When Kenya natives James Njoroge and Julius Kihumba launched Century Homecare in 2012, they initially set out to expand home health care across the state.
But the co-founders, friends since high school and now brothers-in-law, found their niche in providing home health services to Worcester's underserved minority communities."Home health care becomes a very personal experience. You don't just send anybody. You have to develop a certain level of trust. By sending a Spanish-speaking person to [a Spanish-speaking client] it makes them much more comfortable," Njoroge said. "There's a level of trust when you share a cultural background."
Tapping into this market, combined with a commitment to going the extra mile for their patients and long-term investments in their employees, has led to exponential growth for Century, Njoroge said. Open for just about three years, today the home health provider operates statewide with 600 employees and four branches.
Njoroge and Kihumba are just two of Worcester's successful foreign-born entrepreneurs. According to a recent study from Worcester nonprofit Seven Hills Foundation, 37 percent of the city's business owners are foreign born, and the city's immigrant communities – especially naturalized citizens – are both less likely to live in poverty and make use of public benefits than natives.
Anita Fabos, a professor at Clark University and an expert on refugees and immigrant populations, said the Seven Hills findings are consistent with studies she has seen for other cities.
"It's not unexpected to have a foreign-born population performing well. Immigrant populations typically perform quite well in the labor force; it's sort of a known thing," she said.
The study's numbers
Worcester is home to 37,970 immigrants from 85 different countries. Most are from Latin America (33 percent) and Asia (27 percent), with 18 percent hailing from Europe and 21 percent coming from Africa.
Slightly less than half of the foreign-born population is naturalized, meaning they've become citizens. Generally, naturalized citizens are better off economically than Worcester natives, and noncitizens are worse off. Among noncitizens, there are about 5,500 unauthorized immigrants living in Worcester, and an estimated 2,196 refugees came to the city between 2007 and 2012.
There are also more immigrants of working age than natives – 42 percent of immigrants are between the ages of 25 to 44, compared to 24 percent of people who were born here. Most immigrants in that age group are noncitizens.
Naturalized foreign-born residents also have higher rates of homeownership (53 percent), compared to natives (46 percent) and noncitizens (19 percent), and they have the highest median household income ($50,865) out of those groups as well, with natives earning $46,263 on average and noncitizens earning $37,944.
"If we really want to get to the hard issues of money and economics, that's what this report tried to get to, and we were able to prove without a doubt that immigrants in Worcester and elsewhere bring significant economic value," said David A. Jordan, president of Seven Hills and its affiliates.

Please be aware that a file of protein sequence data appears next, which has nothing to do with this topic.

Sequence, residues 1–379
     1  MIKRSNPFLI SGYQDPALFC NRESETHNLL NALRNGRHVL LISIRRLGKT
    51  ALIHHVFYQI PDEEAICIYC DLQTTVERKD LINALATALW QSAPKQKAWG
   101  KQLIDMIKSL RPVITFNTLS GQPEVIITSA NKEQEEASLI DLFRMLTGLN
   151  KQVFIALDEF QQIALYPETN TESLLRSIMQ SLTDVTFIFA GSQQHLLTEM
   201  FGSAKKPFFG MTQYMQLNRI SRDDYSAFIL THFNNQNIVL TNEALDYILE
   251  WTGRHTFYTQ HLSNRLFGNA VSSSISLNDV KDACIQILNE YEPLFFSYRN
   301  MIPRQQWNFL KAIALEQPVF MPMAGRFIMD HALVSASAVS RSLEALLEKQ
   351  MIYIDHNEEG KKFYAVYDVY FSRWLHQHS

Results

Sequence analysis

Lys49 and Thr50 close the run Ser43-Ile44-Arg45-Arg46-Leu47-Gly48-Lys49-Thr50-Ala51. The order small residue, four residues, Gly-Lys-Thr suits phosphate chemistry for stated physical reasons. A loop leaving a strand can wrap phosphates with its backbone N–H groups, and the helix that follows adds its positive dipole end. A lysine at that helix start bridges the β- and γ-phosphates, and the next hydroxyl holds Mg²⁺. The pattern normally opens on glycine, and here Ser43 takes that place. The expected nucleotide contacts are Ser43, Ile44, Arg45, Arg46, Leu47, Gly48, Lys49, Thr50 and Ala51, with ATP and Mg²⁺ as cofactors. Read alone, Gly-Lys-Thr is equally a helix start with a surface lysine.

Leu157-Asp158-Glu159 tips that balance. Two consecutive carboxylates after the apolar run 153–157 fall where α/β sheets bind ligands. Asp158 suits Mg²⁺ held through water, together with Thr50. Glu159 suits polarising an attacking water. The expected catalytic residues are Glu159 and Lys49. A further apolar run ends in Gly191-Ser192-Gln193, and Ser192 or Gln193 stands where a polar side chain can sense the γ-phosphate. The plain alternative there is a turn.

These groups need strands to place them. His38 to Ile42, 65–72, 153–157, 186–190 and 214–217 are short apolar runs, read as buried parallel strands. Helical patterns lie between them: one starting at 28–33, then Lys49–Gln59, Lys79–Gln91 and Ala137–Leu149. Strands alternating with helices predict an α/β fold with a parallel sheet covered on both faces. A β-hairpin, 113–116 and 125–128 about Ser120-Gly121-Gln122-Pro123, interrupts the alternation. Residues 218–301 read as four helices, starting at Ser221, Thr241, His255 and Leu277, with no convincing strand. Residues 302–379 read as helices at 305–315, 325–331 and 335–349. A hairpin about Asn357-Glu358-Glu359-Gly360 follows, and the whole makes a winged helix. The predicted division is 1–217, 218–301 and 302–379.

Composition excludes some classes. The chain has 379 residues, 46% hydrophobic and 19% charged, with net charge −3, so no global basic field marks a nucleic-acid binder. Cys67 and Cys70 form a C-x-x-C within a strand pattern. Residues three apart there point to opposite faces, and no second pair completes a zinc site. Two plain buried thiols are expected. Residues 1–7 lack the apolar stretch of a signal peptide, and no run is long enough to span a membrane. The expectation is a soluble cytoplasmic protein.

The one foreign-born population that falls short of citywide averages in earnings and employment is the Latin American population, the study found. While the Latin American community had second highest labor force participation rate at 77 percent, it also had the lowest rates of English proficiency (61 percent) and educational attainment (21 percent), as well as the lowest median individual income ($20,454), and the highest percentage of Medicaid/MassHealth enrollment at 50 percent, which is much higher than the citywide average of 34 percent.
"We, in the city of Worcester, need to work closely with the Latin American and Puerto Rican communities and find means of working with that population to provide ... job(s)," Jordan said.
Worcester residents of European origin had the highest educational attainment at 44 percent, compared to 38 percent citywide. Foreign-born Africans had the highest labor force participation at 88 percent; Asians had 65 percent, Europeans had 61 percent and the citywide rate is 64 percent.
Libis Bueno moved to Worcester from the Dominican Republic in 1987, when he was 16. A self-proclaimed lifelong geek, Bueno spent years in corporate IT before he founded Domitek, a Worcester IT services provider, in 2005.
Today, the company employs seven people and focuses on providing secure, reliable information-technology support to small and medium-sized businesses.
Bueno first hoped part of his business could focus on Latin American-run companies, but it wasn't a good fit at the time.
As more Latin Americans open healthcare companies and accounting firms, Bueno said he hopes he can provide their IT infrastructure.
It was hard moving here from a third-world country as a teenager, but as an adult, Bueno said he embraces challenges that may come his way.
"Have I been overlooked [because of my ethnicity]? Maybe. What I look at is, this is an opportunity for me to show them I am who I am," he said. "When you get mature, you have to step up, become an adult and become responsible."